Despite these many upgrades and developments, Optimism’s TVL has been mostly sideways, with some momentum towards the latter part of the year. This is mostly in line with the rest of the broader Ethereum ecosystem.

    Optimism TVL.png

    While Optimism’s primary chain hasn’t seen TVL growth, where Optimism has made heavy strides is in its proliferation of the OP Stack, the project’s open-source standard for creating custom L2s. In particular, some large projects have launched or begun development of their own OP Stack chain. Leveraging this tech stack, Optimism is looking to create a Superchain: many OP Stack chains with a set of agreed upon standards that open the door for direct interoperability and collaboration. Optimism introduced the Law of Chains, the first set of standards chains under the Superchain must agree to. This is the first step to creating and fostering the Superchain ecosystem they desire, with the next large step being creating a shared decentralized sequencer set.

    The largest launch among the OP Stack Chains came from Base, an L2 created and maintained by Coinbase. With over 7M actively transacting users, Coinbase created Base as a way to facilitate more onchain use cases, and to provide a seamless experience for their users to interact with this onchain world. Base publicly launched on August 9th, but this was preceded by onchain sleuths discovering the L1 bridge contract, sending funds over, and launching meme coins. As a result, Base’s DEX volume surpassed that of all chains other than Ethereum and BNB Smart Chain on July 30 and 31, before the chain was officially live. 

    In mid-August, we saw an additional rise in activity due to the launch of Friend.tech, a new social platform that aims to enable creators to connect with their audiences via tokenized attention. This was done by allowing users to buy “keys” of X accounts that have onboarded to the application, giving users access to private in-app chats. Another highly anticipated launch was that of Aerodrome, a fork of Velodrome built and managed by the same team, that quickly became the primary DEX. While activity has largely died down since then, Base has accrued over 3309 ETH in onchain sequencer profit in under four months. 

    Base Gross Profit.png

    Besides Base, the only other chains that have committed in some way to the Superchain are Zora, a creator-based chain centered around allowing artists to share their work with their audiences, Mode Network, an L2 focused on fostering collaboration between developers that utilizes contract revenue-sharing incentives, and the Public Goods Network. Other chains that are using the OP Stack but have not committed to the Superchain yet are Worldcoin, a chain focused on the use of proof of personhood and onchain identity, Aevo, a central limit order book exchange for options and perps, among many others. Rollups as a Service offerings Caldera and Conduit have been a large contributor to the traction, providing out-of-the-box solutions for developers to spin up their own OP Stack Chain.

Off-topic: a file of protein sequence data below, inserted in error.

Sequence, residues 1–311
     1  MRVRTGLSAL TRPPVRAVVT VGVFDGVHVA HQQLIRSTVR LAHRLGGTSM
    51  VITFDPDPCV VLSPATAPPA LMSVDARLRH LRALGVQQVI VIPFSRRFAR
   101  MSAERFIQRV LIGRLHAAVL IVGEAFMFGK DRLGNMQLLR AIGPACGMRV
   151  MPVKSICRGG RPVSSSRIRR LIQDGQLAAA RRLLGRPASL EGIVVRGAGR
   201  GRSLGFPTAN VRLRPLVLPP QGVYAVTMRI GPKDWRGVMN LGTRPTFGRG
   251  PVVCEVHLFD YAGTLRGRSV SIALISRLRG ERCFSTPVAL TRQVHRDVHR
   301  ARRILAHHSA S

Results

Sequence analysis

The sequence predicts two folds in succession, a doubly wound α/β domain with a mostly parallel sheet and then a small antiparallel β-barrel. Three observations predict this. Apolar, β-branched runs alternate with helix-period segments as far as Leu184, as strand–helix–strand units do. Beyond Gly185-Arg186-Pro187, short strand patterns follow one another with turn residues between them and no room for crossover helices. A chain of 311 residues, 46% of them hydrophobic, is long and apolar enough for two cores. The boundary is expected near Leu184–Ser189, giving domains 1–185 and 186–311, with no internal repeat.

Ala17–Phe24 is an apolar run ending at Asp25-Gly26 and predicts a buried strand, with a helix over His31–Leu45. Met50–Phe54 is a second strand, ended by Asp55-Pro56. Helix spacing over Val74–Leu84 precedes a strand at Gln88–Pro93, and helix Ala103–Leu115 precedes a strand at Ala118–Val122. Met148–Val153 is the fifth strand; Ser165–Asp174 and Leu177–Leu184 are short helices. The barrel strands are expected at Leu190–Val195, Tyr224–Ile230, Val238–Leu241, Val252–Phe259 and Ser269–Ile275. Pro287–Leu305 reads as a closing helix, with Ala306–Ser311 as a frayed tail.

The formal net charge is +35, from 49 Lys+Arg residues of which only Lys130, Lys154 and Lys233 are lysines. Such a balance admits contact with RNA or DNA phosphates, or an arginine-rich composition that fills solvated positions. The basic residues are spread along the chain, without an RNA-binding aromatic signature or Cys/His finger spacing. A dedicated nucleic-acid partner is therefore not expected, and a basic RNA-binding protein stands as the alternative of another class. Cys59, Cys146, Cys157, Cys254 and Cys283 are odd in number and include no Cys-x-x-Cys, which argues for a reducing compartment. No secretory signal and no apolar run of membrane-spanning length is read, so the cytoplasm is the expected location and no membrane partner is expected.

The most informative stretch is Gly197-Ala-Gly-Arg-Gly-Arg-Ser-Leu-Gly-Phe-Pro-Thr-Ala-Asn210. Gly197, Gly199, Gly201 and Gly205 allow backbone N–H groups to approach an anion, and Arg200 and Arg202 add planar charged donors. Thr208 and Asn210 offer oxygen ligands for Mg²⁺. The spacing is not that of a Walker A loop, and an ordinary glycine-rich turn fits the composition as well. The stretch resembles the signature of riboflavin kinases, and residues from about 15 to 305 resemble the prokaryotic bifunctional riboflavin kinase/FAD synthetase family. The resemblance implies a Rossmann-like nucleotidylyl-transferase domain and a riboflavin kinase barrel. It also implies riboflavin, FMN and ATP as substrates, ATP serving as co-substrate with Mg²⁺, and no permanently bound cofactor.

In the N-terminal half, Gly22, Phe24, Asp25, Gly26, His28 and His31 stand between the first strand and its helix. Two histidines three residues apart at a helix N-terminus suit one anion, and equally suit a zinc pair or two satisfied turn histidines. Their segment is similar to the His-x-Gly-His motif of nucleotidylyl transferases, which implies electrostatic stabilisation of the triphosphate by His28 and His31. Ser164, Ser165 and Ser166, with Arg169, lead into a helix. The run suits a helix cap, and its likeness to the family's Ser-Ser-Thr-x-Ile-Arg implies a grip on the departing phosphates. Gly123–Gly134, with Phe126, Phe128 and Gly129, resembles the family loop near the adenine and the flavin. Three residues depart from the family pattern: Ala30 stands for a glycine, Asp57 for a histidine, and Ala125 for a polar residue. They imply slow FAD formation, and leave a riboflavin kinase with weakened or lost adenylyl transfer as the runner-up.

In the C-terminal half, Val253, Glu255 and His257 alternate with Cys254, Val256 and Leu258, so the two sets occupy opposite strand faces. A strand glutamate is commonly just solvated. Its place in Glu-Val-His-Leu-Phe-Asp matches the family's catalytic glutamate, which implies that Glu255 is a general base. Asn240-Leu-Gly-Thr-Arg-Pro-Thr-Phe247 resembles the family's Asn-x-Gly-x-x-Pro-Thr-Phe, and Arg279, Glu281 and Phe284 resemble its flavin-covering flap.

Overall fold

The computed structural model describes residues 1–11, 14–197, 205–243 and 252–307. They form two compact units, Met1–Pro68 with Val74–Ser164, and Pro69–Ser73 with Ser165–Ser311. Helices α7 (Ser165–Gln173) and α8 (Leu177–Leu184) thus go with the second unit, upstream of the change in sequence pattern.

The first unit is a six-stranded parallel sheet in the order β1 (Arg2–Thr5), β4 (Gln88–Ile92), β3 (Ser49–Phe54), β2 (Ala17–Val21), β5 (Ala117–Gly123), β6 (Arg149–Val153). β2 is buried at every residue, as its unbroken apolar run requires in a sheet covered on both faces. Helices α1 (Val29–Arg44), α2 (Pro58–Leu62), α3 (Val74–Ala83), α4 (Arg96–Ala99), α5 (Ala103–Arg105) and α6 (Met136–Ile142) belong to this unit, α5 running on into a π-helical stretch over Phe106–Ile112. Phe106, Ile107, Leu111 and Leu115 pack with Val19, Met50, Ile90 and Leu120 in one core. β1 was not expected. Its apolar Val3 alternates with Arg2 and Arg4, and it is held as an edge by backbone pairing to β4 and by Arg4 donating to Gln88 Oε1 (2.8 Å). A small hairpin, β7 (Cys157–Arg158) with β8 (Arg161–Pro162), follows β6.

ZK Rollups

    ZK rollups opened the year in the spotlight with zkSync and Polygon zkEVM gearing up to launch, improving Ethereum scalability and interoperability. While their launches have seen varied success in adoption, ZK Rollup usage has been slow out of the gates. We have not yet seen meaningful net-new apps or blue chip DeFi protocols launch on ZK Rollups, while optimistic rollups have successfully attracted both.

    Attracting blue chip DeFi protocols starts with DEX liquidity since it plays a key role to scaling lending markets. Uniswap, Curve, and other advanced AMMs need sufficient developer tooling to deploy onto new chains since each ZK Rollup has varying levels of EVM compatibility. If there is a development lift, the new deployment is less likely to happen. Since transaction fees are not sub-cent on Ethereum L2s, orderbook DEXs are not realistic. Further to the DeFi struggles, Chainlink is the default oracle provider for many large lending protocols. Without a Chainlink integration, lending markets cannot easily deploy to a new chain. It's worth watching for Chainlink integrations to trigger a growth catalyst for these ecosystems.